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Fellowship of Saints and Sinners

"Does surrender have to be this hard?"

“Does surrender have to be this unpleasant?”

“Made a decision to turn our will and our lives over to the care of God as we understood Him.” – Step 3

Back at this intersection between God and life after a leisurely week in Tulum, Mexico, I’ve been thinking about why it’s hard to surrender my life to God — or at least to do so consistently, daily, and moment by moment. According to Step 3 of the 12 Steps of Alcoholics Anonymous, recovery entails a “decision to turn one’s will and life over to the care of God as we understand Him.” This decision, I suspect, must happen more than once for most of us. It must happen over and over again. The word I give it is “surrender,” and can sound like a bad word in a culture that trades in the more familiar language of self-entitlement, self-expression and self-promotion. But why is this surrendering to God so hard, so much so that our very nature rebels against the very notion of surrender? And what does this surrender entail?

Why Surrender Is So Hard

Part of the answer to that question comes to me from an unlikely place: the pages of a book by my favorite mystery novelist, PD James. In her novel A Taste for Death, a sweet, church-going, God-fearing woman by the name of Miss Wharton is the first to happen upon a grisly murder scene in her home parish. In the wake of that trauma, she tries to find comfort in a favorite passage from Scripture — it’s the one from Luke, about the Good Shepherd who lays down His life for the sheep — but “this time,” James writes, “[Miss Wharton] had read it with a sharpened, perversely questioning mind. What, after all, was a shepherd’s job? Only to care for the sheep, to make sure they didn’t escape so that they could be branded, sheared and then slaughtered. Without the need for their wool, their flesh, there would be no job for the shepherd.”

I’d never thought about that before in relation to this passage, but the fictional Miss Wharton has a point. A good shepherd doesn’t take exceptional care of their sheep out of pure altruism. A good shepherd watches over their sheep because those sheep are a source of food on the table, either literally or in the form of income. And from now on, I’ll never be able to read this sweet parable again without that lingering recognition.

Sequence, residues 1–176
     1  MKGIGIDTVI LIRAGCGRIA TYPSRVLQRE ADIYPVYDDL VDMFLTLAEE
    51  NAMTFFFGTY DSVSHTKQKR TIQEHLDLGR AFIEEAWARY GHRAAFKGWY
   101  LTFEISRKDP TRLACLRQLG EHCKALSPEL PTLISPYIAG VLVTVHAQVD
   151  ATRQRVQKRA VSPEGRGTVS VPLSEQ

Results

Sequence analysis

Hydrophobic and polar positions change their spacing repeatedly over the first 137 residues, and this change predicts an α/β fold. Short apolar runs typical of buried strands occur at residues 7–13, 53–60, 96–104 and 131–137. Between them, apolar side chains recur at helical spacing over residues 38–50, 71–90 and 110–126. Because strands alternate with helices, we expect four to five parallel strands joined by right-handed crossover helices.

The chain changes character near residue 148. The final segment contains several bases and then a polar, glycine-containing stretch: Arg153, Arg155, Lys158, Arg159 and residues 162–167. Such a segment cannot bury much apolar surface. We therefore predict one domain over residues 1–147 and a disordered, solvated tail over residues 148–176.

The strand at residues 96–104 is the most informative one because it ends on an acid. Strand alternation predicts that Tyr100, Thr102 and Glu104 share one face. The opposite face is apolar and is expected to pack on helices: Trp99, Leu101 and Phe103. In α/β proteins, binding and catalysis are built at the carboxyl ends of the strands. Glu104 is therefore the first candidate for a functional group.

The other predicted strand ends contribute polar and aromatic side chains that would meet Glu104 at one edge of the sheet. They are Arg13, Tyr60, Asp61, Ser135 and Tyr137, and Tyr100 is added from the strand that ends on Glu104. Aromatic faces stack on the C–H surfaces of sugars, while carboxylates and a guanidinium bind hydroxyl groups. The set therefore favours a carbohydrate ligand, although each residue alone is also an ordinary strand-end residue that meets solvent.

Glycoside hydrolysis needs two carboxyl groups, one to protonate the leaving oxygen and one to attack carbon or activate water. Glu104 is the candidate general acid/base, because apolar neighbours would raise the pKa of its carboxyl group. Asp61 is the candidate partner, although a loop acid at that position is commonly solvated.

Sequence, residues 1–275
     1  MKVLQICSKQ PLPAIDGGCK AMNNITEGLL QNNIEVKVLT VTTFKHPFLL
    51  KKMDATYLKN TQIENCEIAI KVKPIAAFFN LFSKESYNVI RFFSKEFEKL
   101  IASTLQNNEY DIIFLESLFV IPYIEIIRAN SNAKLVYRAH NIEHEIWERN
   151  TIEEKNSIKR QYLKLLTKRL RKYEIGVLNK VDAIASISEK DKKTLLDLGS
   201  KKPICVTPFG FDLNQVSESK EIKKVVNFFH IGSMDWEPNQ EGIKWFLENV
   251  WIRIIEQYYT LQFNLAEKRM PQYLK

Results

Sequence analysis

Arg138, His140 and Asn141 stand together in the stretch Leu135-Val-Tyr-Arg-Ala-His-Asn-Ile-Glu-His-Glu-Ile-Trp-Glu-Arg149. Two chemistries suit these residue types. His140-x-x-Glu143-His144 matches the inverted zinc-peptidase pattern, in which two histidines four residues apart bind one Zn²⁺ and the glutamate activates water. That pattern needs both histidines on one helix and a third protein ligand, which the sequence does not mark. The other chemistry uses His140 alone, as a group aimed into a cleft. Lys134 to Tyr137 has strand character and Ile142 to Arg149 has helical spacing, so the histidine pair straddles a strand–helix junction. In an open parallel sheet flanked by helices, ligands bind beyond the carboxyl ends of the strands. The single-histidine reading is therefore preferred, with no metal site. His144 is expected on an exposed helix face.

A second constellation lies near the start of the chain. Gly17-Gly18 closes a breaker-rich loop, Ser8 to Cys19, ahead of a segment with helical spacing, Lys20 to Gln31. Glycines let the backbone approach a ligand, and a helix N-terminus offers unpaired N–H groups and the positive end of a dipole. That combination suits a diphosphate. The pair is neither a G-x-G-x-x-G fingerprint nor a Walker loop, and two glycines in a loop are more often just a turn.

But maybe, then again, that’s precisely the point of this passage. Jesus doesn’t protect us from losing our lives. Jesus wants us to let go of our lives with the understanding that our lives were never ultimately ours to hold on to in the first place. And yes, the sheep do usually end up branded, sheared and then slaughtered, and their wool and flesh do usually service the needs of others. That’s pretty grim-sounding alright. Still maybe that’s better than being the dumb sheep who runs off, gets lost and has a terrible time of it, all because they thought that they really didn’t need a shepherd and could fool pain and death without one.

In other words, it’s hard to surrender to God, because it’s hard to trust that a God who will let us go through pain and death ultimately really loves us and ultimately will do what’s best for us.

Seeing Is Believing — and Surrender to God

That’s why the insertion of a God “as we understand Him” is a kind of merciful relief. And here I take heart that the only God we can hope to understand is the One we’ve caught partial glimpses of somewhere in our lives, maybe a bit like Moses on Mount Sinai: Moses can’t see God’s face, only God’s posterior. I love the humor there. It’s also a picture, I suspect, that many of us can identify with. We, too, many of us, have caught glimpses of at least the equivalent of God’s “backside” at discrete points in our lives. That has been enough to spur our search for More, even if that search at times has manifested itself as a heightened sense of God’s absence and our own emptiness.

Ultimately the only God we can surrender to is a God who has revealed Himself to us. A God who has submitted Himself to the risky enterprise of human understanding. A God, in other words, whom we have in some way “seen.” Upon that seeing, surrender (however seemingly transient this side of eternity) is, I suspect, irresistible.

In the second chapter of her first book Pilgrim at Tinker Creek, Annie Dillard writes that there are two kinds of seeing. The first, to quote author William Deresiewicz on Dillard’s work in this month’s Atlantic,  “is the sort of seeing that produces perceptions, and phrases, like twiggy haze.” But in Dillard’s words, “there is another kind of seeing that involves a letting go.” Deresiewicz elaborates: “You do not seek, you wait. It isn’t prayer; it is grace. The visions come to you, and they come from out of the blue.” This kind of seeing is more like perceiving that one has just been seen by God.

Surrender that’s as simple and grace-filled as this second kind of seeing implies makes me want to lower my reflex-like defenses to the very notion of letting go and letting God. Surrender that invites me only “to see,” with the assurance that the rest of the work — the release and the transfiguration — is God’s, gives my soul rest. It’s surrender to God as I understand God: the beginning of recovery for at least one “restless soul.”

 

 

 

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